“You can’t do it. It’s impossible; they’re expecting too much from you.”
“Why do you trust them? The whole thing is questionable and unclear.”
Do these doubting comments sound familiar? We may hear them often, from those around us or even in our minds. Sometimes we may recognize them as false, while at other times we may see some truth in them.
The Ohr HaChayim HaKadosh (Ber. 3:1) writes that these same three critical remarks were first made to Eve by the Snake of the Garden of Eden. G-d told Adam he could eat from any tree in the garden, with the exception of the Tree of Knowledge of Good and Evil. The Snake, the classic symbol of the force of evil (Yetzer Hara), said to Eve, “He’s withholding the finest tree from you. All others pale in comparison. You heard that only this tree is forbidden? Well, I heard that all the trees are really derived from this tree and they’re all forbidden. You can’t possibly be expected not to eat from any of the trees! Adam told you it was just this tree? These conflicting reports must be confusing. Who even knows if any of them are true. It could be that in reality, you’re allowed to eat from all of them!”
We often know the truth, even when it’s not something we particularly want to hear. Chocolate really is fattening, buying a luxury car can load a person with risky debt, and watching YouTube clips for hours wastes precious time. But these and other truths are under attack by a barrage of persuasive advertising in the media — and in our minds. The lesson derived from the story of Eve and the Snake is that these “enemy forces” are programmed into our world by the Creator Himself. Why are we thrown into these constant battles? The Al-mighty wants us to achieve greatness and enjoy the fruits of our efforts, but that can only be attained through the hard work of overcoming the seductive forces that try to halt our growth. “In accordance with the challenge is the (spiritual) reward!”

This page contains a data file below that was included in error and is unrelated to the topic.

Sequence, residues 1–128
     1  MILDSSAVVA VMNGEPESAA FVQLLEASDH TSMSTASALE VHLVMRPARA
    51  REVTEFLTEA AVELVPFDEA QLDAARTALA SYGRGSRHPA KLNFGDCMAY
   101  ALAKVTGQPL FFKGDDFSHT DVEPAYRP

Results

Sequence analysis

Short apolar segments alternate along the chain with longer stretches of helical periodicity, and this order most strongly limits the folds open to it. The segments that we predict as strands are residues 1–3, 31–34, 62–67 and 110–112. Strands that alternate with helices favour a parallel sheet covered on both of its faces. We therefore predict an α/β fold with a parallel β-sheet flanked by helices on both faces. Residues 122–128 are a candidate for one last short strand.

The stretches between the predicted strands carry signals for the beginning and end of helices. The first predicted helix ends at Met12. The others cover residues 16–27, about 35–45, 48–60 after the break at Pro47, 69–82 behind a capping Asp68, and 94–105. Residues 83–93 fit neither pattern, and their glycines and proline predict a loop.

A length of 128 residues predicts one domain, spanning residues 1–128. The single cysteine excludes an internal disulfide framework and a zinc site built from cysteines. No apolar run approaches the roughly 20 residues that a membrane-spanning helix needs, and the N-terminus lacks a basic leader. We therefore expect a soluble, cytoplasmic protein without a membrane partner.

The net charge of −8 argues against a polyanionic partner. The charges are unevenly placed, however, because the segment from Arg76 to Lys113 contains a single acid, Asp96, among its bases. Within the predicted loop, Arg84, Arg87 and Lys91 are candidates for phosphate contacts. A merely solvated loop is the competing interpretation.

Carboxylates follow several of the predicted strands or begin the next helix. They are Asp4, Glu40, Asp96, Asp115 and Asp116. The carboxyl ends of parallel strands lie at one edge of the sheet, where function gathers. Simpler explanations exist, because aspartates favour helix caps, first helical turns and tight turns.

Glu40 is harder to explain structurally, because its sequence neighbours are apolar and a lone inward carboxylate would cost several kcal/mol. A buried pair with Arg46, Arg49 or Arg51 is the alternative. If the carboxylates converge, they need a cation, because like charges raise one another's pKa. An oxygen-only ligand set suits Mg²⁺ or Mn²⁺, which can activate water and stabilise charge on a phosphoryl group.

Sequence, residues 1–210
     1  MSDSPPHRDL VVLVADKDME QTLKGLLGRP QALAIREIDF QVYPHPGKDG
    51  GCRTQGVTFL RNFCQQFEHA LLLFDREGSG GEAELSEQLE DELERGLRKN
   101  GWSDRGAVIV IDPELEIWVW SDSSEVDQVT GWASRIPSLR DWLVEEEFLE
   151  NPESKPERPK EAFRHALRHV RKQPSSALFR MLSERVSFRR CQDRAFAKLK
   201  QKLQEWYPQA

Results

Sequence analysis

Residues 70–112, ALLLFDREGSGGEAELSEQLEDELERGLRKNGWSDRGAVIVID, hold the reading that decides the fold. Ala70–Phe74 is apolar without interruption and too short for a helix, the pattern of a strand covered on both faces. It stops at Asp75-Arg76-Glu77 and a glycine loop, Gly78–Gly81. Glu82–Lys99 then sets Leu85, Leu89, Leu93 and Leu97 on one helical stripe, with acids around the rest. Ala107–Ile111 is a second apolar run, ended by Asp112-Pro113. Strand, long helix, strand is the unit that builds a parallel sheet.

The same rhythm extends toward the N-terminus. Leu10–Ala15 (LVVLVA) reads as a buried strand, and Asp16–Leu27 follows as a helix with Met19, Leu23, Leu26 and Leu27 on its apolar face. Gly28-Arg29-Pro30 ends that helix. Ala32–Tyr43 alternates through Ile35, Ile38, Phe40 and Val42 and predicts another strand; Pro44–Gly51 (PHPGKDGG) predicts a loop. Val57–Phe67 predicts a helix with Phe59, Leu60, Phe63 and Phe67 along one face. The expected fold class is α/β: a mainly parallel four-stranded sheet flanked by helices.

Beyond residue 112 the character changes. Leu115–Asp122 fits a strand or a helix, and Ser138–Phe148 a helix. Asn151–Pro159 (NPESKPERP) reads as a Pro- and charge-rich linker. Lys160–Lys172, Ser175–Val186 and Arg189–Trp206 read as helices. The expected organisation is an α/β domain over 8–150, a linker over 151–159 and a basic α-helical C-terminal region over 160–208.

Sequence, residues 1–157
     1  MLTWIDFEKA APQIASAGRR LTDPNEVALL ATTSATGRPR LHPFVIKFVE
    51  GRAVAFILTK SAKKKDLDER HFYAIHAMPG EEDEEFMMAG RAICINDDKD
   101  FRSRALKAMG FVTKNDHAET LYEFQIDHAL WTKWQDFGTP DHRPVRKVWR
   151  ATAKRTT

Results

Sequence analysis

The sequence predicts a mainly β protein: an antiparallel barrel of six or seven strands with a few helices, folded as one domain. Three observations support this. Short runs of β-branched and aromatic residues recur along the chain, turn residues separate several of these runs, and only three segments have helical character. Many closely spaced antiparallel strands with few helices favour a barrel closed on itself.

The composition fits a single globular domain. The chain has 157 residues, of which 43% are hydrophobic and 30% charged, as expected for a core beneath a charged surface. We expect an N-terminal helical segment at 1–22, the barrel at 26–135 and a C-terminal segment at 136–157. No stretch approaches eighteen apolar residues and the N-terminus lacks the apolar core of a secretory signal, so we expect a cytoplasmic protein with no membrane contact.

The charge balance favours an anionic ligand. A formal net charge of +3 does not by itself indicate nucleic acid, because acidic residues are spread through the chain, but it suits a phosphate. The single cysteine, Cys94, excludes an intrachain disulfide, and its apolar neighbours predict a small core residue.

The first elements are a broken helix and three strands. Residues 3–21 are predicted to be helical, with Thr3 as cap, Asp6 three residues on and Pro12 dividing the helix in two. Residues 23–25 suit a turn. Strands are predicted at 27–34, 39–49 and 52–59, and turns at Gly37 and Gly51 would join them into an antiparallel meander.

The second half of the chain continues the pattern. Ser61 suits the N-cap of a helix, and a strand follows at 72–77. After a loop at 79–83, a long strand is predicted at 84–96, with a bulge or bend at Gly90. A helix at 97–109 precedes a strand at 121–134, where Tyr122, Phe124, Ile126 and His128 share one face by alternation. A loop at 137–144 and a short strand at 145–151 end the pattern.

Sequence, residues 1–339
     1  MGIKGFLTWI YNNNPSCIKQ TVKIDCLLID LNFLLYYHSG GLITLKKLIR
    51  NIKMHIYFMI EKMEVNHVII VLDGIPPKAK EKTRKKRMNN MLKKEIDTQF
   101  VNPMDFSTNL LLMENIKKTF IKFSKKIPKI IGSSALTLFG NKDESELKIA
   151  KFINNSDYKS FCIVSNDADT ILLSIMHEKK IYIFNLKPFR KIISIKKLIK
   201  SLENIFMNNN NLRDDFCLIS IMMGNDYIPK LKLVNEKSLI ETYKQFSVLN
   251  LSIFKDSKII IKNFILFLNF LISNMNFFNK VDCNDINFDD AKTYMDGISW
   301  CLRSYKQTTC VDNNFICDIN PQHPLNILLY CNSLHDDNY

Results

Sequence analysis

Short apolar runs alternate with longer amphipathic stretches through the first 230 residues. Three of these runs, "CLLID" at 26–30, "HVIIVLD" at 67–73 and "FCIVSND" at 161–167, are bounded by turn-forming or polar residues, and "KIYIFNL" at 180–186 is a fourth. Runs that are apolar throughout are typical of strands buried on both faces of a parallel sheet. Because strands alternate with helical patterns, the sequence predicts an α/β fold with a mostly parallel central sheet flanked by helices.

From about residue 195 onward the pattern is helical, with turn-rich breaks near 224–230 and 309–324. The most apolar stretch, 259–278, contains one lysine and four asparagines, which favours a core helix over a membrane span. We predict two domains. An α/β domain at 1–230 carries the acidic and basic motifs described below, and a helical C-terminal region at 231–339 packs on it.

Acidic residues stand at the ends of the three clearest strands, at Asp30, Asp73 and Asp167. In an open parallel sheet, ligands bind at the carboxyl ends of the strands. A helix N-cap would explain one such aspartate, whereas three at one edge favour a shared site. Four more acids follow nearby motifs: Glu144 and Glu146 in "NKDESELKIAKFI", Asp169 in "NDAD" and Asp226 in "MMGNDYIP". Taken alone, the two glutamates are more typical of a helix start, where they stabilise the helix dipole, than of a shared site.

Rabbi Mordechai Dixler
Program Director, Project Genesis – Torah.org